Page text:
Speaker, was the absence of incentives for nations to prioritize 
resolving parental abduction cases and the complete lack of penalty for 
callous governmental indifference or complicity.
  The Goldman Act is based on two human rights laws: the Trafficking 
Victims Protection Act, or TVPA, which I authored in 2000, and the 
International Religious Freedom Act, or IRFA, which was authored by our 
distinguished colleague, Frank Wolf.
  The Goldman legislation seeks to hold countries to account by 
meticulously monitoring their performance in adjudicating parental 
child abduction and wrongful retention. After a vigorous analysis, if a 
country at its administrative, judicial, or law enforcement 
levels demonstrates what we call a pattern of noncooperation, that is 
to say, persistent failure to fulfill its Hague Abduction Convention 
responsibilities, or failure of a non-Hague nation to abide by a 
memorandum of understanding with the United States, the President is 
empowered to take any number of escalating Presidential actions against 
that nation.

  Again, patterned after both the TVPA and IRFA, the message to all 
nations and all past, present, and future abductors is that the United 
States is very serious about preventing or resolving child abduction 
cases. In order to ensure that the administration has maximum 
flexibility in advancing solutions, the President is given generous 
waiver authorities.
  The bill also encourages the Secretary of State to seek opportunities 
to enter into an MOU with non-Hague Convention countries--and, 
obviously those that are not non-Hague can also become a part of it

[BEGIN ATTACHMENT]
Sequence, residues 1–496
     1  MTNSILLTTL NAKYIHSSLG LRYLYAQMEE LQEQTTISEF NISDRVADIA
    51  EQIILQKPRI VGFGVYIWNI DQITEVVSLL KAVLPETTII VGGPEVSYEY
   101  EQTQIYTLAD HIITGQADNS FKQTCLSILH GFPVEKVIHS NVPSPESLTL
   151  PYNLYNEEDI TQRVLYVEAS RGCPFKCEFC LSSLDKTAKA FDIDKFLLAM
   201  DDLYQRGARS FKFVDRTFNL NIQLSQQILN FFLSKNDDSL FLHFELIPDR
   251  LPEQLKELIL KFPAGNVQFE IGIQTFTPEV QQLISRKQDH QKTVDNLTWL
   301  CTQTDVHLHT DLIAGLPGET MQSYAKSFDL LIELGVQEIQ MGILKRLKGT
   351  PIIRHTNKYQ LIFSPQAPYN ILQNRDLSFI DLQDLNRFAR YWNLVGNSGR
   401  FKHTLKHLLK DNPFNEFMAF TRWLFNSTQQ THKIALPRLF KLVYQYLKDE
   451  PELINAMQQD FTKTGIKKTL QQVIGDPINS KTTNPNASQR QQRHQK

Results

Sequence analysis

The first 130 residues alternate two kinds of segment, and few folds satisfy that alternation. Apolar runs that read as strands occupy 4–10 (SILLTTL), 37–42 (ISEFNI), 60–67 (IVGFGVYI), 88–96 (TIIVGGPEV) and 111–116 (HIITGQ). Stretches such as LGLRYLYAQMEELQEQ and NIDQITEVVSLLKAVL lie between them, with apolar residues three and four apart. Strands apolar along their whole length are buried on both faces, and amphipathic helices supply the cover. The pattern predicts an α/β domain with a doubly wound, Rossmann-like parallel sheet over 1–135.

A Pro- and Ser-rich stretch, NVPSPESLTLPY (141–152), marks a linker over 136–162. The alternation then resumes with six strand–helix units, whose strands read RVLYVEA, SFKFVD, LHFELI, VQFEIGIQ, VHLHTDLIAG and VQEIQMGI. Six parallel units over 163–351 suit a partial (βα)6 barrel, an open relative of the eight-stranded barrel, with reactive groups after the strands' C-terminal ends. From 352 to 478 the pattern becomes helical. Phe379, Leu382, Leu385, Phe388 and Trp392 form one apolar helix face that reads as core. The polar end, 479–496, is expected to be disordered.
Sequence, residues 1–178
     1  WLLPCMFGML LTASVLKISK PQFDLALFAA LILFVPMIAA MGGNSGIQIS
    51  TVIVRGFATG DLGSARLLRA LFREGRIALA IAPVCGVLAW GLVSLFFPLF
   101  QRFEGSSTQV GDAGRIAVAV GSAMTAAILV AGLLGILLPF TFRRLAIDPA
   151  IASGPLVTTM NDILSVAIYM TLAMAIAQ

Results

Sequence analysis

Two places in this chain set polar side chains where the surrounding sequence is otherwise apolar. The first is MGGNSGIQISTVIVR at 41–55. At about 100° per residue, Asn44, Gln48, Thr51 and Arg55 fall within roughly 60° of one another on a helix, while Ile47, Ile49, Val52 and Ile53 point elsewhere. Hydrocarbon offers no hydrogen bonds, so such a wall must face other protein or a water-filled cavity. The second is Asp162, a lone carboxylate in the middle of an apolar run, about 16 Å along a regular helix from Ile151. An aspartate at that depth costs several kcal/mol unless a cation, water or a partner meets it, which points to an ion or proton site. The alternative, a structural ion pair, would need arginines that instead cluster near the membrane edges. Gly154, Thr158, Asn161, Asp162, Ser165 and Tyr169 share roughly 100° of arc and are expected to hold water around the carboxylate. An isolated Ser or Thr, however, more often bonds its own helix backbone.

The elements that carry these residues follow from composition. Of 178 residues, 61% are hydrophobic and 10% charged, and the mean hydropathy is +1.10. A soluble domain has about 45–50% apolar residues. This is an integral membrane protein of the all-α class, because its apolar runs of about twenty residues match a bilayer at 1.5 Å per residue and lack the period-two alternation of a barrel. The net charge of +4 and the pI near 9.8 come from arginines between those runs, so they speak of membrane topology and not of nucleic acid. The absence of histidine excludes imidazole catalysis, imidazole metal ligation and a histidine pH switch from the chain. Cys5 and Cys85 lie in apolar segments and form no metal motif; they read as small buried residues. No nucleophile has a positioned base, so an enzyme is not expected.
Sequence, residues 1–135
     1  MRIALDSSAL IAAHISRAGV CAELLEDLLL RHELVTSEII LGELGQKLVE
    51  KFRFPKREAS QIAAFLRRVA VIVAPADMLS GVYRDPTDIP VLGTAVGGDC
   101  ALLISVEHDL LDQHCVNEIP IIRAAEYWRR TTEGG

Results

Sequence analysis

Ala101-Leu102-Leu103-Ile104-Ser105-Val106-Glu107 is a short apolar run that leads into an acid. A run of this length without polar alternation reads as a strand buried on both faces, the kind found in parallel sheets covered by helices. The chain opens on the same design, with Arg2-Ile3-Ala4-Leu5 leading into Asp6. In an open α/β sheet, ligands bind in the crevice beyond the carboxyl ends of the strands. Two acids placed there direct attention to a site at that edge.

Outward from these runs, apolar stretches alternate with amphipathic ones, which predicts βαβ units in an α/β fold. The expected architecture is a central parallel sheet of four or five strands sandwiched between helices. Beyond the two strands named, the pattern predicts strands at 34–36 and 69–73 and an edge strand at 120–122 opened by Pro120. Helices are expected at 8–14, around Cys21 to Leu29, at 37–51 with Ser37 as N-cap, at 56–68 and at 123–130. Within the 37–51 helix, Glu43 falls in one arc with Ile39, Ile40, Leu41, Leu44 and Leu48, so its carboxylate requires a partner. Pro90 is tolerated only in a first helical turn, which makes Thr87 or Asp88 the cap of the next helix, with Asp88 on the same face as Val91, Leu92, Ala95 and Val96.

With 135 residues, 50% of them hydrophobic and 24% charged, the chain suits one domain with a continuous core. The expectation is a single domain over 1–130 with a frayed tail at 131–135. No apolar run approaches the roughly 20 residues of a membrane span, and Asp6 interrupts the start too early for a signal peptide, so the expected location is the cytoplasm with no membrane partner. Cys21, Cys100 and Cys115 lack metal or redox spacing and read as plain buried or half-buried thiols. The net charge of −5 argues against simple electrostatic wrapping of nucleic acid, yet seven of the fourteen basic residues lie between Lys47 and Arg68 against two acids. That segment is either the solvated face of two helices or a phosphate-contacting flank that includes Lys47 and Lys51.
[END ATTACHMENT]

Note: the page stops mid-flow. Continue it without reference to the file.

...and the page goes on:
even when they do become one--and to establish protocols to identify, 
locate, and effectuate the return of an abducted child as well as 
access issues.
  Finally, in order to ensure more robust accountability and the 
potential of successful interventions, the bill significantly beefs up 
reporting.
  Finally, let me just say also, Mr. Speaker, the bill has been 
endorsed by the National Center for Missing and Exploited Children. I 
will include in the Record a letter from that very august organization 
in support.
  I have a letter from Robert Wallace, the executive director of the 
VFW, who has also endorsed the bill and made it very clear their 
concern, which is reflected in the text of the bill, about our 
servicemembers deployed abroad who find themselves in the unbelievably 
horrific position of having a child abducted while they are deployed 
and then not only not having access to but certainly not getting their 
children back.
  And there are a number of cases. I have had four hearings so far 
where they have testified. In the case of Commander Toland, who was 
stationed in Japan, his daughter was abducted by his now-deceased wife, 
and he has not had access to his daughter in a decade, Mr. Speaker. She 
is now 11, and he has desperately, through the rule of law and by using 
the process, tried to have access to and to reclaim his precious 
daughter as the only surviving parent.
  He is like so many others. Both children of Michael Elias, a combat-
injured Iraqi war veteran, were abducted. He cannot even have access to 
them. I actually traveled to Japan, Mr. Speaker, with the grandparents. 
We could not even get to see those two wonderful children. That has got 
to change.
  This legislation seeks to use the civil aspects of the Hague 
Convention to empower that treaty, which is very well-intentioned but 
lacks enforcement capability. This legislation gives the President the 
tool. It adds to those tools in the toolbox to make return and access a 
reality rather than a dream and a hope.